The head of intensive care at Ghent University Hospital (UZ Ghent) says the facility will soon have to call in staff who have tested positive for Covid-19 in order to care for a swelling number of patients, as more and more of their own staff become infected.
“If someone’s life is in danger, they would rather be helped by an infected staff member than not be helped at all,” Dominique Benoit told De Standaard.
As Covid figures soar in Belgium, the greatest problem facing the university network hospital isn’t the limited number of beds in their intensive care ward, but rather a shortage of staff as more and more of them become infected with the fast-spreading Omicron variant.
“If these employees are absent, there is not always a replacement,” Benoit said.
“Instead of triaging patients, in a force majeure situation it would be better to first deploy staff who have tested positive, but then not to patients with a weaker immunity.”
Life or death situations
Benoit says the goal of such a strategy is to avoid a scenario where staff are forced to choose who will or will not receive care.
“Those who test positive currently have to stay at home. That’s absurd in a case of an emergency because many can work,” said Benoit.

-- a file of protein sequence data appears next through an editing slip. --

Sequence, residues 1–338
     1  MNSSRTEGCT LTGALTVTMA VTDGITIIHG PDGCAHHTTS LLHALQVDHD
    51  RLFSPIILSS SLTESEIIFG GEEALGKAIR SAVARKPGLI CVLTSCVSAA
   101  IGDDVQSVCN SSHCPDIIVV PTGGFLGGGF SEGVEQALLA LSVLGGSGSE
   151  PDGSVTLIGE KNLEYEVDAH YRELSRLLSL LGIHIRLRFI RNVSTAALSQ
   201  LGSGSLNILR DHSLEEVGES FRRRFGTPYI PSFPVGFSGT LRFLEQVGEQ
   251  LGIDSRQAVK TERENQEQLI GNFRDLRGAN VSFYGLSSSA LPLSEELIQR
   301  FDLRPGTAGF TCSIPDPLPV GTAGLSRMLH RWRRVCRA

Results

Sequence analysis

“If then a patient comes in who was involved in a serious traffic accident and is in danger of dying, but who cannot be helped because of staff shortages, that patient would rather be cared for by an infected person than not at all.”
The strategy is feasible, according to Benoit, in part because so many Flemish people are vaccinated and therefore have less of a risk of becoming seriously ill if they contract the coronavirus.
Taking the necessary precautions
“Vaccinated patients are already protected and we can protect them even more by being extra careful and, for example, by using FFP-2 masks,” Benoit said.
“Today we can still run with the staff that remains, but in the coming weeks there could be so many staff absent that we won’t be able to run otherwise. We are not going to be able to stop this.”
Unlike some other hospitals, UZ Ghent is no longer reserving beds for Covid-19 patients.
“We have always said that those who do not have covid should be treated as well as those who are infected,” Benoit said.